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What can you charge?
It’s a question that farriers commonly ask and one that Adam Wynbrandt hears often. His response?
“I tell them, ‘Well, no, the question is, what do you need to charge?’” says Wynbrandt, who has 2 decades of farriery experience and owns The Horseshoe Barn in Sacramento, Calif.
Even veteran farriers struggle with finding a winning formula, but Wynbrandt finds there’s a common mistake.
“Most farriers work off of gross income rather than net,” he says. “What’s the difference? If you just did six horses for $600, that’s your gross income. That’s all your money. In reality, you have costs, expenses and taxes. The amount of money you have after those expenditures is your net income.”
According to the latest Farrier Business Practices survey conducted by American Farriers Journal, the average nationwide price for trimming four hooves and applying four keg shoes is $120.19. The average charge for trimming and resetting four keg shoes is $113.36. Trim-only prices average $42.06.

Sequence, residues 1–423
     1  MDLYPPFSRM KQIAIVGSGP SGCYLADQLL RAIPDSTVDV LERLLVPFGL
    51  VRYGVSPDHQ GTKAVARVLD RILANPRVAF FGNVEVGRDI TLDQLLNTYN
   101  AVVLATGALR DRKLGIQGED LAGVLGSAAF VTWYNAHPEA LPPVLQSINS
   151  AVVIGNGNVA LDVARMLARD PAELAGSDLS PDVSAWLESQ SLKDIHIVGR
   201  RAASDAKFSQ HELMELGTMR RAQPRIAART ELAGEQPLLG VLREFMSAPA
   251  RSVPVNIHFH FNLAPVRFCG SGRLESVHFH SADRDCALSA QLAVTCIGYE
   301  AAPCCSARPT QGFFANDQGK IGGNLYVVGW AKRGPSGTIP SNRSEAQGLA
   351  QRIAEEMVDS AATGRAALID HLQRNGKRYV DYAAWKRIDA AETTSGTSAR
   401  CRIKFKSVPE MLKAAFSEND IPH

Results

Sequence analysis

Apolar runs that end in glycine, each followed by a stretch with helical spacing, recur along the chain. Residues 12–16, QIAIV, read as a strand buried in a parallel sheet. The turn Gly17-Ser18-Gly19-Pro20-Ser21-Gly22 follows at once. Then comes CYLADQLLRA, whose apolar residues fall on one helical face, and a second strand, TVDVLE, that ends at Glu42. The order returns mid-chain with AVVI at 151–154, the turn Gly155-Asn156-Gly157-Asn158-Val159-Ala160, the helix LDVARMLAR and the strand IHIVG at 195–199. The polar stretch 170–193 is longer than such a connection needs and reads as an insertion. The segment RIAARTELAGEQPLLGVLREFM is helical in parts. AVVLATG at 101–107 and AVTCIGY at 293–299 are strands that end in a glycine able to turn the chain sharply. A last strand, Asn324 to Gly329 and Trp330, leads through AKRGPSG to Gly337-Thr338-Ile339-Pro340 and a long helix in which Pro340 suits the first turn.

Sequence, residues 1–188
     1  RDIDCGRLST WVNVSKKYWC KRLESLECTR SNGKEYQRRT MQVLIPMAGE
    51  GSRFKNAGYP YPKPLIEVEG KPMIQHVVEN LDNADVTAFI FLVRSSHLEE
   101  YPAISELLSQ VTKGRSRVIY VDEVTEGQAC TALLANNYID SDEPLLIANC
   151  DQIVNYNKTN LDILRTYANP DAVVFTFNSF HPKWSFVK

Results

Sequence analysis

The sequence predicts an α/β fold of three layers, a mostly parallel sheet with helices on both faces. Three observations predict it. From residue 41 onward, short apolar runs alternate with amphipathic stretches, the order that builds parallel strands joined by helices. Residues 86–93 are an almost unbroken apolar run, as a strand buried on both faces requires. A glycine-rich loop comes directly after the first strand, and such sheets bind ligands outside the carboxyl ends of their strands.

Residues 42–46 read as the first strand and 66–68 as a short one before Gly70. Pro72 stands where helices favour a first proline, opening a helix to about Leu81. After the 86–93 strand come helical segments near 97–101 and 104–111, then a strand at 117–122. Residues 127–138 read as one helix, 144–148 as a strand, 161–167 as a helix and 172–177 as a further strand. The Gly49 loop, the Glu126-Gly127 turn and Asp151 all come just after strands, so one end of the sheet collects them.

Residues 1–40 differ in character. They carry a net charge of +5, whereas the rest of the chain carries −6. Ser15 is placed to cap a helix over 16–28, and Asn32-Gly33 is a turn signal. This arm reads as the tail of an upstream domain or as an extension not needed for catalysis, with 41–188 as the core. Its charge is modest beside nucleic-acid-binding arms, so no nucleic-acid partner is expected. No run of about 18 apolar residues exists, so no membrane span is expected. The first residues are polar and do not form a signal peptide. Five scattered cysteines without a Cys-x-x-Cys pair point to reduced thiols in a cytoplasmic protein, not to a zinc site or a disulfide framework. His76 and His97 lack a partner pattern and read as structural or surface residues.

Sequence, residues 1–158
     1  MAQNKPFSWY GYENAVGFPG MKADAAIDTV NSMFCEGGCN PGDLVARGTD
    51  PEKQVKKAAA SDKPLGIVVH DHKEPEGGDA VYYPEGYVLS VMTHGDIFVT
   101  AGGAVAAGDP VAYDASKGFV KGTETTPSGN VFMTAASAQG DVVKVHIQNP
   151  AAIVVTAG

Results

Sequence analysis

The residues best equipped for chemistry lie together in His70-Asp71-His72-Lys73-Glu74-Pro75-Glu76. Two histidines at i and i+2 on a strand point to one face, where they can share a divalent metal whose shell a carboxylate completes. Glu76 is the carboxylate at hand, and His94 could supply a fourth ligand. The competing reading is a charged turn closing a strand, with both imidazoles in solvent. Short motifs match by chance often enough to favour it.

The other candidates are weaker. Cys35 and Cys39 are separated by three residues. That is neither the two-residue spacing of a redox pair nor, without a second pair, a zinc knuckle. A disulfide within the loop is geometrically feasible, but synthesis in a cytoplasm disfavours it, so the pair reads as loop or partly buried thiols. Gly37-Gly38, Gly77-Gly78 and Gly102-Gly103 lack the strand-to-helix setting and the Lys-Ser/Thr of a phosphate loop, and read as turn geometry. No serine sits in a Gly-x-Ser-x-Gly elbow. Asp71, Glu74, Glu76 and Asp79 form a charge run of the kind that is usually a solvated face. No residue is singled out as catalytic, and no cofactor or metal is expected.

It’s critical that you cover the replacement costs for your tools and equipment.
Reducing your drive time and shoeing more horses at one location puts more money in your pocket.
Your business should have a ratio of about 70% gross income vs. about 30% costs.
Those prices might not work for you and your situation, though. Wynbrandt, for instance, shoes horses in California, which has a higher cost of living than most states. Then again, the prices might indeed fit your…